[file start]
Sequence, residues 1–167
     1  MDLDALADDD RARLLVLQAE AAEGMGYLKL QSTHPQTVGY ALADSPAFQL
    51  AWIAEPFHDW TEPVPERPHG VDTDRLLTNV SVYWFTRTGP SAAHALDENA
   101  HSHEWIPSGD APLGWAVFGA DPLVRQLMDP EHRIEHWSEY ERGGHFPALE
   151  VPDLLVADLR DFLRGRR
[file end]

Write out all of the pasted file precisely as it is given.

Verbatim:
Sequence, residues 1–167
     1  MDLDALADDD RARLLVLQAE AAEGMGYLKL QSTHPQTVGY ALADSPAFQL
    51  AWIAEPFHDW TEPVPERPHG VDTDRLLTNV SVYWFTRTGP SAAHALDENA
   101  HSHEWIPSGD APLGWAVFGA DPLVRQLMDP EHRIEHWSEY ERGGHFPALE
   151  VPDLLVADLR DFLRGRR